Climate Change Adaptation Strategy in the Food Industry—Insights from Product Carbon and Water Footprints
AbstractClimate change adds an additional layer of complexity that needs to be considered in business strategy. For firms in the food industry, many of the important climate impacts are not directly related to food processing so a value chain approach to adaptation is recommended. However, there is a general lack of operational tools to support this. In this study, carbon and water footprints were conducted at a low-precision screening level in three case studies in Australia: Smith’s potato chips, OneHarvest Calypso™ mango and selected Treasury Wine Estates products. The approach was cost-effective when compared to high-definition studies intended to support environmental labels and declarations, yet provided useful identification of physical, financial, regulatory and reputational hotspots related to climate change. A combination of diagnostic footprinting, downscaled climate projection and semi-quantitative value chain analysis is proposed as a practical and relevant toolkit to inform climate adaptation strategies. View Full-Text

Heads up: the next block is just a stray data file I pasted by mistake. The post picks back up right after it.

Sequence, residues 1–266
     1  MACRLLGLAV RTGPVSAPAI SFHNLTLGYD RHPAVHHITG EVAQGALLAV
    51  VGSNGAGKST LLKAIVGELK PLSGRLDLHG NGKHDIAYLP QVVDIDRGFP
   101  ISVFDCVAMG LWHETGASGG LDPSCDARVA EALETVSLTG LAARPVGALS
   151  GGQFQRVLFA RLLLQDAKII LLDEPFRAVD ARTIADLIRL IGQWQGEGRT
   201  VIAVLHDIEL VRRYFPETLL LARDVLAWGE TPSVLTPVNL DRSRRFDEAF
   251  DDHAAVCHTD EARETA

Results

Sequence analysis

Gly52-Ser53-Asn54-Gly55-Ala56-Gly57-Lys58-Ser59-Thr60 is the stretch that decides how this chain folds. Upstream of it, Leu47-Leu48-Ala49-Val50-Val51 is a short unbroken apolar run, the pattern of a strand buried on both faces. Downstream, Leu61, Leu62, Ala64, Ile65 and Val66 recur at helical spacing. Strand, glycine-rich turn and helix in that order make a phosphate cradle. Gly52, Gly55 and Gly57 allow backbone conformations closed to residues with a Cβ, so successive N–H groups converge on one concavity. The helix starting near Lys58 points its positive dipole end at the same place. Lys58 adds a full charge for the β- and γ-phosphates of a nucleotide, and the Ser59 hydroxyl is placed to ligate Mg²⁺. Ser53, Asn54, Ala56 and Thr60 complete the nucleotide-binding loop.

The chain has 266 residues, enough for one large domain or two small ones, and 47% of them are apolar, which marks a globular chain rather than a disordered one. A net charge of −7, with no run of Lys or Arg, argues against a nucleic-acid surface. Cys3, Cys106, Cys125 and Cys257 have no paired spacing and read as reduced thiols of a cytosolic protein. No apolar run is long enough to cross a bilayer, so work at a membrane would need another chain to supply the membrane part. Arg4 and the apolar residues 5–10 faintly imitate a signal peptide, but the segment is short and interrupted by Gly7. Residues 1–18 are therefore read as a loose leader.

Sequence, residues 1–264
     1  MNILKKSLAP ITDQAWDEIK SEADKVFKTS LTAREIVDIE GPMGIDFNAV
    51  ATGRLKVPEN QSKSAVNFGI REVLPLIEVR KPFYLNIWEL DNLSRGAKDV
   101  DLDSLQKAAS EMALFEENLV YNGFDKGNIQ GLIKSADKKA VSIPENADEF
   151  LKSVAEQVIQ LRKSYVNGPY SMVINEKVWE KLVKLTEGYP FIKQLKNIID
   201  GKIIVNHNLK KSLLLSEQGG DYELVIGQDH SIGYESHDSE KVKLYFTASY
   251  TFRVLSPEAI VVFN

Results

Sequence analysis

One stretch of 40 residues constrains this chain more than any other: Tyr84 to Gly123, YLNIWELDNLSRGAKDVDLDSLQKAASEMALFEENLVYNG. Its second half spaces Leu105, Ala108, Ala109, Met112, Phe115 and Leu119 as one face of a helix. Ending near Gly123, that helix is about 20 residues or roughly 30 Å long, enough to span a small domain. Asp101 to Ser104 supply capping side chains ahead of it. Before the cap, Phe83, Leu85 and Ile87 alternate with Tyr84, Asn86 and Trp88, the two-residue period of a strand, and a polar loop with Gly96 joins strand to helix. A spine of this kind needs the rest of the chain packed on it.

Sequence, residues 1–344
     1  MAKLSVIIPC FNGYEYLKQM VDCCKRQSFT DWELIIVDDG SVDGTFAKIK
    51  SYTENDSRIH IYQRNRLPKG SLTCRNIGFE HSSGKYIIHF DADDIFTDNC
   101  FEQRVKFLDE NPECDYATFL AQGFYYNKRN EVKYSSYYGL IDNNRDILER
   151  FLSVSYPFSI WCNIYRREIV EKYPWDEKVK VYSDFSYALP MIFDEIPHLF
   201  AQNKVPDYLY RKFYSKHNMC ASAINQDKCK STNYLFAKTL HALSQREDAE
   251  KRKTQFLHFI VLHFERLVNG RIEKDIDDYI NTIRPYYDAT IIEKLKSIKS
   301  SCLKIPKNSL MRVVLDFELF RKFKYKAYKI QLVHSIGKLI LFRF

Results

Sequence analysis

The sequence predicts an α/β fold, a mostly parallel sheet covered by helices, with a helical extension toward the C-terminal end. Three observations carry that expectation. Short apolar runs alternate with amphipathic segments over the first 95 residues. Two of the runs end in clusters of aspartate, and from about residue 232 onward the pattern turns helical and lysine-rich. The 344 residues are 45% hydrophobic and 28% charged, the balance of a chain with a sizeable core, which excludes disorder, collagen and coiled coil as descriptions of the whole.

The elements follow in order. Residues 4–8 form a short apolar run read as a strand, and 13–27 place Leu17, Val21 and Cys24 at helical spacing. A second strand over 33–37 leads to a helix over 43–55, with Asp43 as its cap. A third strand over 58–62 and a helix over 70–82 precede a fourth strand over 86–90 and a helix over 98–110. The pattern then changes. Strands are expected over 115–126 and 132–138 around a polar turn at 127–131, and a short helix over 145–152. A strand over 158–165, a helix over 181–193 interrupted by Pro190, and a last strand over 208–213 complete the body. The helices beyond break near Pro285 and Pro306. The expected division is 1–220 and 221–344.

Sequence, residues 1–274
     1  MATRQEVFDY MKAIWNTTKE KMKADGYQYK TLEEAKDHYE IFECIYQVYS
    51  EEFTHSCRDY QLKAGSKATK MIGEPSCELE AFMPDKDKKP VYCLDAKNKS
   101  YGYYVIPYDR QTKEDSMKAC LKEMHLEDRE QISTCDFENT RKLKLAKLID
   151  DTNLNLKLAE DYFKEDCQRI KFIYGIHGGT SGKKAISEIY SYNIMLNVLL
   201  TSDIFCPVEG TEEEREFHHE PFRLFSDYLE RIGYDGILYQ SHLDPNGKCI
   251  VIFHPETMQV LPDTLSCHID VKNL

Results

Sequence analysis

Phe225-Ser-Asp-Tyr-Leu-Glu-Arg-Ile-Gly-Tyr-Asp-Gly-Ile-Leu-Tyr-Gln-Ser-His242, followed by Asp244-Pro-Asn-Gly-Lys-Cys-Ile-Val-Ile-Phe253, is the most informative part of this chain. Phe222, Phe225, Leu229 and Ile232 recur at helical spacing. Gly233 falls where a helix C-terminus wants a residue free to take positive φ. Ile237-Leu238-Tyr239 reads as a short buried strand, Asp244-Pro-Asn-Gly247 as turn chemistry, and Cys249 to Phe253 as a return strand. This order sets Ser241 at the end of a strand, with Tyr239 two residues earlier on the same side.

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Ridoutt, B.; Sanguansri, P.; Bonney, L.; Crimp, S.; Lewis, G.; Lim-Camacho, L. Climate Change Adaptation Strategy in the Food Industry—Insights from Product Carbon and Water Footprints. Climate 2016, 4, 26.
Ridoutt B, Sanguansri P, Bonney L, Crimp S, Lewis G, Lim-Camacho L. Climate Change Adaptation Strategy in the Food Industry—Insights from Product Carbon and Water Footprints. Climate. 2016; 4(2):26.Chicago/Turabian Style
Ridoutt, Bradley; Sanguansri, Peerasak; Bonney, Lawrence; Crimp, Steven; Lewis, Gemma; Lim-Camacho, Lilly. 2016. "Climate Change Adaptation Strategy in the Food Industry—Insights from Product Carbon and Water Footprints." Climate 4, no. 2: 26.
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